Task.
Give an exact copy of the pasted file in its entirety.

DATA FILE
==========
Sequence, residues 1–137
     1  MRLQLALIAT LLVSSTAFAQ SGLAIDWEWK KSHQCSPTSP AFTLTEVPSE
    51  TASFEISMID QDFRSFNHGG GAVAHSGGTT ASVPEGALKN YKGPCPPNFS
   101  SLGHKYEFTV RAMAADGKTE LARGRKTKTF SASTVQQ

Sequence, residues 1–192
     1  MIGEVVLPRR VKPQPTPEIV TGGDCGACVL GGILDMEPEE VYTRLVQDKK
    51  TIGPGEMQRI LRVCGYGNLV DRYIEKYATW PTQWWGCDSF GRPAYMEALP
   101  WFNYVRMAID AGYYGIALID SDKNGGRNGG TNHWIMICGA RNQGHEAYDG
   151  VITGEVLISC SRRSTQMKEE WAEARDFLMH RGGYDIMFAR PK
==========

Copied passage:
Sequence, residues 1–137
     1  MRLQLALIAT LLVSSTAFAQ SGLAIDWEWK KSHQCSPTSP AFTLTEVPSE
    51  TASFEISMID QDFRSFNHGG GAVAHSGGTT ASVPEGALKN YKGPCPPNFS
   101  SLGHKYEFTV RAMAADGKTE LARGRKTKTF SASTVQQ

Sequence, residues 1–192
     1  MIGEVVLPRR VKPQPTPEIV TGGDCGACVL GGILDMEPEE VYTRLVQDKK
    51  TIGPGEMQRI LRVCGYGNLV DRYIEKYATW PTQWWGCDSF GRPAYMEALP
   101  WFNYVRMAID AGYYGIALID SDKNGGRNGG TNHWIMICGA RNQGHEAYDG
   151  VITGEVLISC SRRSTQMKEE WAEARDFLMH RGGYDIMFAR PK